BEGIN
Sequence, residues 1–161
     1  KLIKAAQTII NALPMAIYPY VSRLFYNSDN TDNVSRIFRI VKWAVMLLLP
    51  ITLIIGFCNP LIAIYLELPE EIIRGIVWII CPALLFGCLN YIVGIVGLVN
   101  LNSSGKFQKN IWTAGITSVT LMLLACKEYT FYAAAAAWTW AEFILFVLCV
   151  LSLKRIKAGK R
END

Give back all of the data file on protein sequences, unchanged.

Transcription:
Sequence, residues 1–161
     1  KLIKAAQTII NALPMAIYPY VSRLFYNSDN TDNVSRIFRI VKWAVMLLLP
    51  ITLIIGFCNP LIAIYLELPE EIIRGIVWII CPALLFGCLN YIVGIVGLVN
   101  LNSSGKFQKN IWTAGITSVT LMLLACKEYT FYAAAAAWTW AEFILFVLCV
   151  LSLKRIKAGK R